Furthermore, during the Korean War, the Korean government wanted to relieve and keep up the morale of the American troops who were deployed into South Korea to help them. So, the government lured women into brothels in an area called Yong Ju Gol where most American army bases were located. After the war was over and the troops headed home, the brothels remained open and continued to thrive with the locals and tourists as years passed. Today, it is one of the largest red light districts with huge parking lots that accommodate visitors and customers. The land on which these brothels sit on are owned by the Korean federal government who does nothing to shut these places down as many of them are most likely customers themselves or have been in the past. This issue with the American soldiers who are in Korea mimics the past and brings back the old ghosts of the “comfort women” who were forced into sex slavery for the Japanese soldiers. The only difference between these two instances is that with the most current occurrences, the Korean government has direct involvement in encouraging the Korean women of the nation to submit to the American soldiers in order to keep them satisfied in the country for as long as possible. Nothing has been done to rectify this predicament, and churches in that area have not addressed this problematic situation. An article from the NY Times has stated:

Many former prostitutes live in the camp towns, isolated from mainstream society, which shuns them. Most are poor. Some are haunted by the memories of the mixed-race children they put up for adoption overseas.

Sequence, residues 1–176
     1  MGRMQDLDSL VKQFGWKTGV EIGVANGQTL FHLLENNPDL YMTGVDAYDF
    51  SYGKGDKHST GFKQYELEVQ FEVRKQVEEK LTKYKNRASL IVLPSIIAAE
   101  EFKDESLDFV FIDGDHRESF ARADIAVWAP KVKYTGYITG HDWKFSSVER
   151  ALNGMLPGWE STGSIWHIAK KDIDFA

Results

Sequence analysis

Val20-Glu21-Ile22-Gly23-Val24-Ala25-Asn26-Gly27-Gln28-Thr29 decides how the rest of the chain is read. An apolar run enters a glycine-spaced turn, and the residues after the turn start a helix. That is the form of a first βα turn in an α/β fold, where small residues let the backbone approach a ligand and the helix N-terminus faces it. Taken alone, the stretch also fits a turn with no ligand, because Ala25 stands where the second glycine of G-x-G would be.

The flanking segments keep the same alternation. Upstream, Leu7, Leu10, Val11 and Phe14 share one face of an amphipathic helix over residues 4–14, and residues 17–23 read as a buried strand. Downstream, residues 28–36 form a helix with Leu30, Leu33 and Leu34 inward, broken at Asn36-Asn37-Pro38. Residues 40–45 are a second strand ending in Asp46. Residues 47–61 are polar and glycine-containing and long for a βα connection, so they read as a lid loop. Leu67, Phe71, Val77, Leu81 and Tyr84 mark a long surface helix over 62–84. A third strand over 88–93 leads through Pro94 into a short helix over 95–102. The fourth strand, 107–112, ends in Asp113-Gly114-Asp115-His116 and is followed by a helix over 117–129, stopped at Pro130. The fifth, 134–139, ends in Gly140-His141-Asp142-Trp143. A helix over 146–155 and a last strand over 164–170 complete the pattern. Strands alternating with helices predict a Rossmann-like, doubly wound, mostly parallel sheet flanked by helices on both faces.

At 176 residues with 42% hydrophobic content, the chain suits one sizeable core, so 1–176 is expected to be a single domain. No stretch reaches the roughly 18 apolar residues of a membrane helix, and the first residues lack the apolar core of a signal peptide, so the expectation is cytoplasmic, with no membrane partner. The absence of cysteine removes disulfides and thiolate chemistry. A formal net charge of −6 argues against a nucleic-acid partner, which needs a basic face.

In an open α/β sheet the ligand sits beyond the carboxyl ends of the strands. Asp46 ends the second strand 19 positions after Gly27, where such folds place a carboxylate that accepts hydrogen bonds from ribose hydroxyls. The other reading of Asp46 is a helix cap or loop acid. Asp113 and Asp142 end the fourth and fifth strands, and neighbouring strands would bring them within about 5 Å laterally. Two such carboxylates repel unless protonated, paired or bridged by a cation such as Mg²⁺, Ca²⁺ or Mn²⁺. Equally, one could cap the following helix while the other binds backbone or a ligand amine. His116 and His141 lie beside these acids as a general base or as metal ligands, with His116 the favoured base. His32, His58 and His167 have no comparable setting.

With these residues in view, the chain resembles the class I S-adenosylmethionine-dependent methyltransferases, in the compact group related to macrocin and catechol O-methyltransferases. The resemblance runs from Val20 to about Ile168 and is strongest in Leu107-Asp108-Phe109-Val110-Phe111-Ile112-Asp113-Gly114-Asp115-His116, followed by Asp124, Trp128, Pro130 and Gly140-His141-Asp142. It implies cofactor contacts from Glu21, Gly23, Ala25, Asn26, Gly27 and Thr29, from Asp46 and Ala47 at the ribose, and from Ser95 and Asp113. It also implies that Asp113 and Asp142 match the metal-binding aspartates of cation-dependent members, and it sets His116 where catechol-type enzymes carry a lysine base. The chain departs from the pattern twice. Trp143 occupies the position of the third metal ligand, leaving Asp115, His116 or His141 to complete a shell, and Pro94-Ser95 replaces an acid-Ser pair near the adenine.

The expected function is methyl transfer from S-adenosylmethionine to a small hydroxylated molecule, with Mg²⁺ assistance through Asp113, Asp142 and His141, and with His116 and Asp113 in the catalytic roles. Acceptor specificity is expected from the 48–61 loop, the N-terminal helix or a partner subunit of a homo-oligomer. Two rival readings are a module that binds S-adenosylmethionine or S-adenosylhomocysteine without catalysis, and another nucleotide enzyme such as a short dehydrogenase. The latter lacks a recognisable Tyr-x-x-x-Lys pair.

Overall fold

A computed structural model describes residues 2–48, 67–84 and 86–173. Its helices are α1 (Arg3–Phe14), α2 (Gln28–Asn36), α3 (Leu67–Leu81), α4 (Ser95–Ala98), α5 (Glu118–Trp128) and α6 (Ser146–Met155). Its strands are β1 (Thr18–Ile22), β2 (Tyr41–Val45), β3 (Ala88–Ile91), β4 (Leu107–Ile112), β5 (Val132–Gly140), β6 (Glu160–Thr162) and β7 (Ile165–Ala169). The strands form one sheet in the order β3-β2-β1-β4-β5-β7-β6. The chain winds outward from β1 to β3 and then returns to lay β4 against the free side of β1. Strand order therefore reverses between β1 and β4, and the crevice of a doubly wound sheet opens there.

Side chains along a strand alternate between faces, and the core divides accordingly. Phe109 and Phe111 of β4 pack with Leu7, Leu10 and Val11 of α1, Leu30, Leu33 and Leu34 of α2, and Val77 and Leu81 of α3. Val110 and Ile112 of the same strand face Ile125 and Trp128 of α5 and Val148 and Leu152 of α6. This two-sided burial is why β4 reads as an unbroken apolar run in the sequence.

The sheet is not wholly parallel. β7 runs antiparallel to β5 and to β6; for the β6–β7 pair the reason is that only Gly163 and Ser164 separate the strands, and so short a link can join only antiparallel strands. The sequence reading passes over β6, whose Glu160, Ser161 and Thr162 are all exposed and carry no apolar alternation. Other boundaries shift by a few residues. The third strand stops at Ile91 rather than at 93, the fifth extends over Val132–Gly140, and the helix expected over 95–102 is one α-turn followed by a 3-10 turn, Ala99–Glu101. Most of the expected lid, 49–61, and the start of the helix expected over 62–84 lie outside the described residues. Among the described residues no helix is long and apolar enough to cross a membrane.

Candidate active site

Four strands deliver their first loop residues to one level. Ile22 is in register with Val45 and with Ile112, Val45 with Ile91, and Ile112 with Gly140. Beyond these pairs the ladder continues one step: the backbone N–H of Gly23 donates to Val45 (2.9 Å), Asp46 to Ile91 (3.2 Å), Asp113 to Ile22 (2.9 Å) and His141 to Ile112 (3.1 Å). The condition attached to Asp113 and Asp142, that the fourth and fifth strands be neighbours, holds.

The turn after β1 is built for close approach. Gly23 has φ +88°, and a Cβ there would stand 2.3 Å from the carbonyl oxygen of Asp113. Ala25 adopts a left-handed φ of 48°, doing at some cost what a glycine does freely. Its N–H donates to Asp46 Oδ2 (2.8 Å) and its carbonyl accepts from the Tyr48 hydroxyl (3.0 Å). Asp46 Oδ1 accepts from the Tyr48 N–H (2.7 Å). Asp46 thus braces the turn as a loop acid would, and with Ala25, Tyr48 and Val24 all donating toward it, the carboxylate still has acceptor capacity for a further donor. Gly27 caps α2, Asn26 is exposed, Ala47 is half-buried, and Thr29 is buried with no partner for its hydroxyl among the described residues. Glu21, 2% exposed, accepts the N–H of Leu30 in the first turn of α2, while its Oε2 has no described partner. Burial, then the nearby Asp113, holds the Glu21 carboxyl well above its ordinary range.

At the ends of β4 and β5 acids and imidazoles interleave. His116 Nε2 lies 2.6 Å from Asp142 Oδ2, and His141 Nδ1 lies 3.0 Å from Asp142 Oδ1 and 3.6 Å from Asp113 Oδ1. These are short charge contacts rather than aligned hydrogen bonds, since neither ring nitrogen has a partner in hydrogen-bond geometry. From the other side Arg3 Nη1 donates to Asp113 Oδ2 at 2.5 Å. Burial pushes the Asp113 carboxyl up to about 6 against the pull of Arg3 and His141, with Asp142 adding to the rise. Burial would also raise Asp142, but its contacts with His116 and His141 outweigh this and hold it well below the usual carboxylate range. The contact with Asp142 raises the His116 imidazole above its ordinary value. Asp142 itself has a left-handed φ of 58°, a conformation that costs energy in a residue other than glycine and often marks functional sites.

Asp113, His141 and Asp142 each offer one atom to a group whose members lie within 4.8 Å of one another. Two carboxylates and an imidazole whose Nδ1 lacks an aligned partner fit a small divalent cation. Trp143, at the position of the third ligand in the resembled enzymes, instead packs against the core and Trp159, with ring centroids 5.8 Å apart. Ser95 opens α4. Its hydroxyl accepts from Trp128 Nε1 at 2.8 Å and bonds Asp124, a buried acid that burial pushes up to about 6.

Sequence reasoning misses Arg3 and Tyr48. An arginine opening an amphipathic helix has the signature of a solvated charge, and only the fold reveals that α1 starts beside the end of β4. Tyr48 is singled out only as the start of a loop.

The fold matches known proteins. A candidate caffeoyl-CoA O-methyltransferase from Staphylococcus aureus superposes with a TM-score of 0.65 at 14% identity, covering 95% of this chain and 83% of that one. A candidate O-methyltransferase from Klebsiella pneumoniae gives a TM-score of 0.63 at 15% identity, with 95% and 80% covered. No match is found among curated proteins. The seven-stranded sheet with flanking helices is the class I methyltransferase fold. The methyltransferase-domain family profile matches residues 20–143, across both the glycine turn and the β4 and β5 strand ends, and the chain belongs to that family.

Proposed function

Jeon, 71, who agreed to talk only if she was identified by just her surname, said she was an 18-year-old war orphan in 1956 when hunger drove her to Dongduchon, a camp town near the border with North Korea. She had a son in the 1960s, but she became convinced that he would have a better future in the United States and gave him up for adoption when he was 13.

About 10 years ago, her son, now an American soldier, returned to visit. She told him to forget her.

“I failed as a mother,” said Ms. Jeon, who lives on welfare checks and the little cash she earns selling items she picks from other people’s trash. “I have no right to depend on him now.”

“The more I think about my life, the more I think women like me were the biggest sacrifice for my country’s alliance with the Americans,” she said. “Looking back, I think my body was not mine, but the government’s and the U.S. military’s.”

Typically, the government’s stance on the domestic violence and sex trafficking issues are not those of abolition but more towards support for victims or violators who need mental, medical, emotional, and post-trauma relief once they have been released from bondage. As for the service towards the American troops stationed in Korea, no word yet on any type of retribution or rehabilitation for the women who were coerced into slavery for the “good” of the country. God, help this nation.

 

[1]www.ddd3.co.kr (Salvation Army anti-sex trafficking website)


[2] in 1997: the Special Act on Domestic Violence (referred to as the “Punishment Act”), and the Prevention of Domestic Violence and Victim Protection Act (“Protection Act”). Once the ‘Punishment Act’ and the ‘Protection Act’ were enacted.